Councils learn to live with fruit bats
QUEENSLAND’S re g i o n a l councils have resigned to the fate of coexisting with bats, following a workshop on flying fox management at the Bush Councils Convention in Charters Towers yesterday.
Hinchinbrook Shire Council Mayor Ramon Jayo said while he was happy to do nothing about the roosts in Ingham, his community was not.
“These bats are so close to our people and our infrastructure and they have high nuisance value, but we can do nothing to move them unless specific areas such as schools or kindergartens are compromised,” Cr Jayo said.
“The reason we do nothing is because with the legal options available to us, there’s really nothing that can be done to move them. If you use smoke and water, all you do is chase them around the park and they stay out of your reach and then return to where they were before. We understand these flying foxes are important for the environment, but they are supposed to contribute to the ecology within rainforests, not in urban environments.”
Cr Jayo said his community accepted that the council’s “hands were tied” due to legislative limitations, and called for further co- operation with the State Government.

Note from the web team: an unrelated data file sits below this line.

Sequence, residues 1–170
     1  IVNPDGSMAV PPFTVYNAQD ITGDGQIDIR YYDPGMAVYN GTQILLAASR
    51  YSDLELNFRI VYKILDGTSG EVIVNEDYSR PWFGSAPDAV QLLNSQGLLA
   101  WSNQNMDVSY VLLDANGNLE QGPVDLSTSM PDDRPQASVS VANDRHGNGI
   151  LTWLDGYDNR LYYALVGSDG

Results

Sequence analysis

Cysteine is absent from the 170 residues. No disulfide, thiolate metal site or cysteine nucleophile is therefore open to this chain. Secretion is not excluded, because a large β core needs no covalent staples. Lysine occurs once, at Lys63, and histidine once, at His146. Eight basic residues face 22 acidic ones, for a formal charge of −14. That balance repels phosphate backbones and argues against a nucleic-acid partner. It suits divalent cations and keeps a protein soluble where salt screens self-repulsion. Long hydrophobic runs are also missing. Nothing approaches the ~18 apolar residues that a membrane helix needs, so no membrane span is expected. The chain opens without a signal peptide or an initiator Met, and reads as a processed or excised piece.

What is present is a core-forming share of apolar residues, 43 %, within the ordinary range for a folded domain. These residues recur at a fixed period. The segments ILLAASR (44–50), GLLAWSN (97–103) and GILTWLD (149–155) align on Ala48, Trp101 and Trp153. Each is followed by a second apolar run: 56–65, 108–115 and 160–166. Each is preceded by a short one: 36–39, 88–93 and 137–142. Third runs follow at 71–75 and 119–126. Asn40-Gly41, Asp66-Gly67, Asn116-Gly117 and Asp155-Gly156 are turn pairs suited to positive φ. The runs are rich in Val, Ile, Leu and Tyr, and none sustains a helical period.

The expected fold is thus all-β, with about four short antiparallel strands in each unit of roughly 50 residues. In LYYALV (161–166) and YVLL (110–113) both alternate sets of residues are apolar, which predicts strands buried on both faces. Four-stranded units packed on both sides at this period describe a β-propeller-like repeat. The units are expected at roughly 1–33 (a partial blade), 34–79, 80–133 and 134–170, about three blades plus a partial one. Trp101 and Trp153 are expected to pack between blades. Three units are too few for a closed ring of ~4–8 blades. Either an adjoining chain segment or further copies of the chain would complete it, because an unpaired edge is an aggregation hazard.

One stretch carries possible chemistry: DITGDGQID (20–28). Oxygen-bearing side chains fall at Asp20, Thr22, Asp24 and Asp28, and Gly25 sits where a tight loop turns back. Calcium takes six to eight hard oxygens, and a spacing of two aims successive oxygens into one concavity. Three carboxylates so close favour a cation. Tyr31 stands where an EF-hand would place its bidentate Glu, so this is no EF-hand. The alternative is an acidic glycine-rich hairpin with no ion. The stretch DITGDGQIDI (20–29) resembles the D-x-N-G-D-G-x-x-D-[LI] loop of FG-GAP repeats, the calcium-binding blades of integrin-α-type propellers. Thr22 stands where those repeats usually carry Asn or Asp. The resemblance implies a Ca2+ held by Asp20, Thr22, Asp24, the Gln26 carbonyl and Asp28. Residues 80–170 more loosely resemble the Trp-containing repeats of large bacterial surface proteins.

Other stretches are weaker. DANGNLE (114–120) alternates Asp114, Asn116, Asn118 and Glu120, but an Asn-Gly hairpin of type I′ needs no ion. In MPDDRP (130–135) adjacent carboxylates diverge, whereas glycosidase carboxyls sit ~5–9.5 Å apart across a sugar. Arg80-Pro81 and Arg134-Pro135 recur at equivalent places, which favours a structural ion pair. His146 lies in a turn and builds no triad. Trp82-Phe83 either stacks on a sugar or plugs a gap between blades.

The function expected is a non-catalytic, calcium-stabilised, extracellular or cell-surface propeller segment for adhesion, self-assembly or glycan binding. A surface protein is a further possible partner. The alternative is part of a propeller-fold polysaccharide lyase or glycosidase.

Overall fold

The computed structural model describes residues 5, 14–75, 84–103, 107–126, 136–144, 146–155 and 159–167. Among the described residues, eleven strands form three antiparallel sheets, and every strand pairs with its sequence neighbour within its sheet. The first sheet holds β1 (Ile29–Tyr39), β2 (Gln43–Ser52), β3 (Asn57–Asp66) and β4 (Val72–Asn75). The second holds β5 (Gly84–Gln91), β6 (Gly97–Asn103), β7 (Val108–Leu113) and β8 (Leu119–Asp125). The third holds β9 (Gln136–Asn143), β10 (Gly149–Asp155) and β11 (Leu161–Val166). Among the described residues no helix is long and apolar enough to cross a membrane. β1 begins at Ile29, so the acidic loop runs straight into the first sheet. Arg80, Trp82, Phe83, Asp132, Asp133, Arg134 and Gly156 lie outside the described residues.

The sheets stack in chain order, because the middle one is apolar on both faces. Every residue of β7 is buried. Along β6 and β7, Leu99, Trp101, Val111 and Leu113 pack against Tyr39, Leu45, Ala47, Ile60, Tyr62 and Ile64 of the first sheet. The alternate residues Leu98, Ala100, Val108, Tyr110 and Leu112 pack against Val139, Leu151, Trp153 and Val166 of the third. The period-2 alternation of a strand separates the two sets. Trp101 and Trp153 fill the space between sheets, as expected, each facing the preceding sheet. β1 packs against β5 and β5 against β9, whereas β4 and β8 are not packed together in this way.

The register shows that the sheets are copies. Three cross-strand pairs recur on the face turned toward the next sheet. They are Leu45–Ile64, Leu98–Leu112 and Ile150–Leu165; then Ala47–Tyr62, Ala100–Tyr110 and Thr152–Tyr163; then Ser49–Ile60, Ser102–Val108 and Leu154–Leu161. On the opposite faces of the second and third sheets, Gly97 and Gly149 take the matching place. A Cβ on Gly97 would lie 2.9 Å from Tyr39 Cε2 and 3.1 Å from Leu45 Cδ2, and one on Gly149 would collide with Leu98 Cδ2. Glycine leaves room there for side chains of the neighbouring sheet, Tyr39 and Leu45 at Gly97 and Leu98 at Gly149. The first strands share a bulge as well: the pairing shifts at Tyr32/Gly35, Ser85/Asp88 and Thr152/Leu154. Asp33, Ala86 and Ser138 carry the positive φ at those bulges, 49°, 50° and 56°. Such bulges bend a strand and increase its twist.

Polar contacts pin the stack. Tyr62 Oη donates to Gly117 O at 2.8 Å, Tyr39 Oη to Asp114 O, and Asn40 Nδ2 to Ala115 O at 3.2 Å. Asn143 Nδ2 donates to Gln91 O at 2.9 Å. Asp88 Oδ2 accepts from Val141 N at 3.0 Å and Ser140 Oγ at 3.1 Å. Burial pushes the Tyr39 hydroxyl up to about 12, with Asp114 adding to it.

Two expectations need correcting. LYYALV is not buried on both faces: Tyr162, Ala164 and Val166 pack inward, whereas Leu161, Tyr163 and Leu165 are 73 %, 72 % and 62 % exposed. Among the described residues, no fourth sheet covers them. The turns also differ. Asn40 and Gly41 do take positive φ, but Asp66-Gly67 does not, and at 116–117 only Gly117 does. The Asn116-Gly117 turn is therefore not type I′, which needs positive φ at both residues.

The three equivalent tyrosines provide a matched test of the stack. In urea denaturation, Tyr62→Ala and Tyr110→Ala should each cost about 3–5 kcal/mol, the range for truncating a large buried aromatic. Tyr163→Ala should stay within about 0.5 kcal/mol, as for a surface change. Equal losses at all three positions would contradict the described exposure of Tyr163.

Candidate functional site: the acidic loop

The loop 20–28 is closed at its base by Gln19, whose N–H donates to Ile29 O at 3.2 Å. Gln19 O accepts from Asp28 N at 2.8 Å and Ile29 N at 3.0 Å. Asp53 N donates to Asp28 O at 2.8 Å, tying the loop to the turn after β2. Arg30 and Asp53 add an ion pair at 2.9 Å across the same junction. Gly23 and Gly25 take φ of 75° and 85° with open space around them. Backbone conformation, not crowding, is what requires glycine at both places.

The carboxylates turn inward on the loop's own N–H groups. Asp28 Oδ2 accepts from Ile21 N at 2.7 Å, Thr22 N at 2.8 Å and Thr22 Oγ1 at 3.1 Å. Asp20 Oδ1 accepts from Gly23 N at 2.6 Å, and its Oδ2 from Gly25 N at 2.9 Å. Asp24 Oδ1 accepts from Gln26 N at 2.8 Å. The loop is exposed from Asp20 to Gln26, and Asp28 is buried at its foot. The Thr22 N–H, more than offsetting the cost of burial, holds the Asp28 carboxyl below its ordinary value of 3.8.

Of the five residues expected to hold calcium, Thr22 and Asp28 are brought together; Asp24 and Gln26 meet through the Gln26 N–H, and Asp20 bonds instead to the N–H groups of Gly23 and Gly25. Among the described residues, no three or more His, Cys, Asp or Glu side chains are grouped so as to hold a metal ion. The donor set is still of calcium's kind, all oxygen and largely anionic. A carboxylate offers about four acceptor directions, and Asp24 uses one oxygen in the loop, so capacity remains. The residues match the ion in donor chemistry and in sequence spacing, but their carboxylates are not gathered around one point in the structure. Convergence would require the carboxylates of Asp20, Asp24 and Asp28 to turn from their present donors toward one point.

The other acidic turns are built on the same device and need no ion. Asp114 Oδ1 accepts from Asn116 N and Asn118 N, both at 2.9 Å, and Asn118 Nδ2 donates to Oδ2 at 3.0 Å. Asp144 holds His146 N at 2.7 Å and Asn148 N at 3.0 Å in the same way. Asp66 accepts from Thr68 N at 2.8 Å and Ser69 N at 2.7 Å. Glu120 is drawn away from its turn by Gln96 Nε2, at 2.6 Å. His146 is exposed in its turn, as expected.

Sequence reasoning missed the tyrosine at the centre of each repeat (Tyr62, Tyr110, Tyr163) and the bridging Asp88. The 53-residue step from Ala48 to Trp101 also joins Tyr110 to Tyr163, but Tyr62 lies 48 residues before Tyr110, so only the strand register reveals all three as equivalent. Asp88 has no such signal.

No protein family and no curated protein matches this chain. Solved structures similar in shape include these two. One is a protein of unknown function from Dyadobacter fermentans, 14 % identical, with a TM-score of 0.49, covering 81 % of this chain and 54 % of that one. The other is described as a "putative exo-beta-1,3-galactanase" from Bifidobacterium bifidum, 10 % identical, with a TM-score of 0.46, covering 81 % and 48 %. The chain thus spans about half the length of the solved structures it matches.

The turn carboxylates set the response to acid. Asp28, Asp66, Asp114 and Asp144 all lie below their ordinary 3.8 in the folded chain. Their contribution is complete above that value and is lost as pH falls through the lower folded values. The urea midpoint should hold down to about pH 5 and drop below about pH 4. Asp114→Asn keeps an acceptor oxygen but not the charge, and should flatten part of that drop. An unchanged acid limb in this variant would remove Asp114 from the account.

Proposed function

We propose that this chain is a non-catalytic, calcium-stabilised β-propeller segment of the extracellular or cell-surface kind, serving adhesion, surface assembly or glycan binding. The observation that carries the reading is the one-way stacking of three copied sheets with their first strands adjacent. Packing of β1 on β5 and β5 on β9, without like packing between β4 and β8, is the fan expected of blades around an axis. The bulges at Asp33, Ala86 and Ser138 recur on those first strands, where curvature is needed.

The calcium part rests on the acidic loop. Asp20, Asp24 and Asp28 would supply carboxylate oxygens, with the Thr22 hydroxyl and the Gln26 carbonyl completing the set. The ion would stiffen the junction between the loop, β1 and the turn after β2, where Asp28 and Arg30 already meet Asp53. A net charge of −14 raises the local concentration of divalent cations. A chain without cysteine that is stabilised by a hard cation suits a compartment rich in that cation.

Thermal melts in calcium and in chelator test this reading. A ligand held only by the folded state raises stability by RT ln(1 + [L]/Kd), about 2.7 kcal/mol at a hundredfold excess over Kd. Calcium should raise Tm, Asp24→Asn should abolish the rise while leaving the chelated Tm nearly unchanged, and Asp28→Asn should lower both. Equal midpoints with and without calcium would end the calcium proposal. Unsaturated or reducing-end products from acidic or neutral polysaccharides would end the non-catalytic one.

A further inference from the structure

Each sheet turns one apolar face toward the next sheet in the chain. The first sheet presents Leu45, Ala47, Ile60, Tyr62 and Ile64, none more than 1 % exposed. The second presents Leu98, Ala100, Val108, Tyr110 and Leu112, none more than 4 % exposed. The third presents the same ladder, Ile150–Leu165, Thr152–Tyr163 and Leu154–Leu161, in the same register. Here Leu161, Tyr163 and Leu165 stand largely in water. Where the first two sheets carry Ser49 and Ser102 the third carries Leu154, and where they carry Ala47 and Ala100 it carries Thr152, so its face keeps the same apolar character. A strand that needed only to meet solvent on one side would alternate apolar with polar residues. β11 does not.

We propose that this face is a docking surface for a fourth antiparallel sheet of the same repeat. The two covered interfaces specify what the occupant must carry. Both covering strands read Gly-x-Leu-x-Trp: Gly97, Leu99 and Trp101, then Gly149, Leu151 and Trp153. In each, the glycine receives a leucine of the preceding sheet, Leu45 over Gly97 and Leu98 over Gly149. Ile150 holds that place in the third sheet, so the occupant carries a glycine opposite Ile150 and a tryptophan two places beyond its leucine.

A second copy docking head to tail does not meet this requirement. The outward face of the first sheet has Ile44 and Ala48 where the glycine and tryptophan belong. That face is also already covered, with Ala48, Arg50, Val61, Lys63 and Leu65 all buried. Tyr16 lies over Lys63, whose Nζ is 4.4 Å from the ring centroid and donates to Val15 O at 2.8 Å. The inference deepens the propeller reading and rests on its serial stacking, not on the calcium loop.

Logan City Council Deputy Mayor Cherie Dalley said Logan was home to over 100,000 flying foxes and little could be done to remove them.
“We have implemented buffer zones but it is still an ongoing issue that won’t go away in a day, it’s a continual process,” Cr Dalley said.
“Every affected council has had a go at clearing out their flying foxes and nothing has been 100 per cent successful, and so one of the most important things we’ve taken away from this is educating our community about them.
“You need to dispel the common myths around bats and that has been a really productive thing for us and helped the community become more understanding.”